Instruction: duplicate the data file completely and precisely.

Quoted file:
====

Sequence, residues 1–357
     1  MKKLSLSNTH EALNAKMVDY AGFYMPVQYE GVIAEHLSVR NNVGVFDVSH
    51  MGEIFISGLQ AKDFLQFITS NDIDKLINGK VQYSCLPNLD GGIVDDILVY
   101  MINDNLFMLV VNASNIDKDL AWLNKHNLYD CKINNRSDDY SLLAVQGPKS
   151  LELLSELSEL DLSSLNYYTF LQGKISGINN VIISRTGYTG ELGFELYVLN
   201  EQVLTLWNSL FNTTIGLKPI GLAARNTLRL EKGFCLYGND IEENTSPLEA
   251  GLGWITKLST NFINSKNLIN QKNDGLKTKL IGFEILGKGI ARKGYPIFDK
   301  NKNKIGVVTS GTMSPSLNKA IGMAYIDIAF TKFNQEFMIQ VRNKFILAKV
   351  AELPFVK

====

Sequence, residues 1–357
     1  MKKLSLSNTH EALNAKMVDY AGFYMPVQYE GVIAEHLSVR NNVGVFDVSH
    51  MGEIFISGLQ AKDFLQFITS NDIDKLINGK VQYSCLPNLD GGIVDDILVY
   101  MINDNLFMLV VNASNIDKDL AWLNKHNLYD CKINNRSDDY SLLAVQGPKS
   151  LELLSELSEL DLSSLNYYTF LQGKISGINN VIISRTGYTG ELGFELYVLN
   201  EQVLTLWNSL FNTTIGLKPI GLAARNTLRL EKGFCLYGND IEENTSPLEA
   251  GLGWITKLST NFINSKNLIN QKNDGLKTKL IGFEILGKGI ARKGYPIFDK
   301  NKNKIGVVTS GTMSPSLNKA IGMAYIDIAF TKFNQEFMIQ VRNKFILAKV
   351  AELPFVK